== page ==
history, bi today verizon said it is getting the way. rid of the controversial $2 fee it announced just yesterday. irate customers ventinged their outrage on line and it seemed to have worked. the fee would have applied to a one-time bill payment using debit or credit cards online or by phone. i will tease this as i did back in august. and gerard depardeaux takes a leak on a plane and not the kind that you eat. ♪ with your help, we can reach 20 million dollars by the end of this, our fourth year. [ female announcer ] get 0 percent apr financing on select models for thirty-six months and we'll donate two-hundred and fifty dollars to your choice of five charities. now through january 3rd. man on tv: ...rbis and 36 homers. swings at the first pitch and fouls it deep back into the stands. [ding] [fans whirring] announcer: chill raw and prepared foods promptly. one in 6 americans will get sick from food poisoning this year. check your steps at foodsafety.gov.
airplane, gerard depardieu and his urgent need to pee. appropriately it's number one on the list tonight. take a look. >> time now for the ridiculist. tonight we're adding gerard depardieu. noted french actor, academy award nominee, public urinator. last night on a flight from paris to dublin he apparently peed on the floor, and apparently the plane was on the tarmac and the flight attendant told him that he'd have to wait for the bathroom until takeoff. so he created his own little jet stream or as the french would say, weewee. when i first heard the story i thought there was no way it was real. but they confirmed it. they vaguely tweeted about it. as you may have seen on the news, we are busy mopping the floor of one of our planes this morning. we'd also like to remind all passengers that our planes are fully equipped with toilet facilities. hmm, cityjet. i would have guessed he flies incontinental. anyway. while the airline was putting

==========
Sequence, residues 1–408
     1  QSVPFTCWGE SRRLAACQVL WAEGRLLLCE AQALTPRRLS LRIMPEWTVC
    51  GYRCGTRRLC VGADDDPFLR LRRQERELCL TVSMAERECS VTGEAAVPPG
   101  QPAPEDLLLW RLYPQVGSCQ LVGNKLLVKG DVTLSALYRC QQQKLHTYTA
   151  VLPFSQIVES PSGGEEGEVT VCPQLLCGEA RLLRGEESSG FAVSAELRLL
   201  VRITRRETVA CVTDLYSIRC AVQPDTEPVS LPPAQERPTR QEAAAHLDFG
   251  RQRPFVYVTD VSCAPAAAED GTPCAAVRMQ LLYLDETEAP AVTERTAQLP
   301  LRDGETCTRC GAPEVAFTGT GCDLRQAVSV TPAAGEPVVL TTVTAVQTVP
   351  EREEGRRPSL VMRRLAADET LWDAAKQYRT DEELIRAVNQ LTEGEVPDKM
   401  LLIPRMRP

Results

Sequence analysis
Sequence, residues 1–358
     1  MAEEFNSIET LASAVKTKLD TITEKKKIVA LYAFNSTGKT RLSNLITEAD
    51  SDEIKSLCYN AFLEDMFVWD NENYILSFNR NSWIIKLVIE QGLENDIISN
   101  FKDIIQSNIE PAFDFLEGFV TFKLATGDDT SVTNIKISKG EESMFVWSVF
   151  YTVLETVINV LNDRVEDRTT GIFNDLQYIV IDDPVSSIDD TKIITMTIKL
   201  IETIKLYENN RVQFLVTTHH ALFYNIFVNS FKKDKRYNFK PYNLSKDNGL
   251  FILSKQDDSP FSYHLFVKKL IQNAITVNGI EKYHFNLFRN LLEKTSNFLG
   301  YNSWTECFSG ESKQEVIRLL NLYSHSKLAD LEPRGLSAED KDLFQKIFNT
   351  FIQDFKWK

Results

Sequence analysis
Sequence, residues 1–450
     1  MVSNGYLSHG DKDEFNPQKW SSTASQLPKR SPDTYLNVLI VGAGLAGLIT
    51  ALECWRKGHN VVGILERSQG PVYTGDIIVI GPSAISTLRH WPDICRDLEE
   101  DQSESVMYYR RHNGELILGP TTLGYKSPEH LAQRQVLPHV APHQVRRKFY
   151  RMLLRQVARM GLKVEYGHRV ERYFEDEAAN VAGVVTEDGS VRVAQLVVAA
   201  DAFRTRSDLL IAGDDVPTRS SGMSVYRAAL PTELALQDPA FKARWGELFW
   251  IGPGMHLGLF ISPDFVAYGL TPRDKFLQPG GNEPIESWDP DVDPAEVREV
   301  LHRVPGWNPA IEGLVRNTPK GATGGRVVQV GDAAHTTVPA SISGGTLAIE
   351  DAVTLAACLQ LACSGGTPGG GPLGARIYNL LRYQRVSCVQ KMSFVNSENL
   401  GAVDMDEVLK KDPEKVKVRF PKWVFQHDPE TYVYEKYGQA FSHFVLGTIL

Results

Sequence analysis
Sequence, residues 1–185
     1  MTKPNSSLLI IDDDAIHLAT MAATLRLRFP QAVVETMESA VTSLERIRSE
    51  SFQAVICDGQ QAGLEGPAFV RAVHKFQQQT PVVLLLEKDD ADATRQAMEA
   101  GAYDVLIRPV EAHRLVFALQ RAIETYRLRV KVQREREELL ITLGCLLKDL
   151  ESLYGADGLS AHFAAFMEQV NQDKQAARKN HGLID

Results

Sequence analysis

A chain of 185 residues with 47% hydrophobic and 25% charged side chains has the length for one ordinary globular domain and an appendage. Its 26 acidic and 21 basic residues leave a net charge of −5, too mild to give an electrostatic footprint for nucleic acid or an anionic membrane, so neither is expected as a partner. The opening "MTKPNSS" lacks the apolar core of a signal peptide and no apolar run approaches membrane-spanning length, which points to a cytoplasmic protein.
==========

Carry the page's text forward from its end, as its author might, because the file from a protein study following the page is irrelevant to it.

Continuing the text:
the p back in pr, some of the passengers started spilling their versions of the incident to the press. can you blame them? they saw an actual thespian, actually thes peeing. [ laughter ] oh, it is full of puns. this probably won't come as a shock, but several passengers say that he was visibly drunk. but i think that there's another explanation, because you see as a celebrity he is not accustomed to being told he can't do things when he wants to do when he wants to do them. he's probably used to being pampered. i'd go as far to say as he depends on it. we'll put a graphic in case you didn't get the reference. depends on it. but it's kind of sad, this guy has been in hundreds of mmovies. will he be remembered for cyrano de bergerac? "green card"? nope. this incident is likely to go down as his number one role. although there is a bright side. stop laughing, it's distracting. now that we know he doesn't have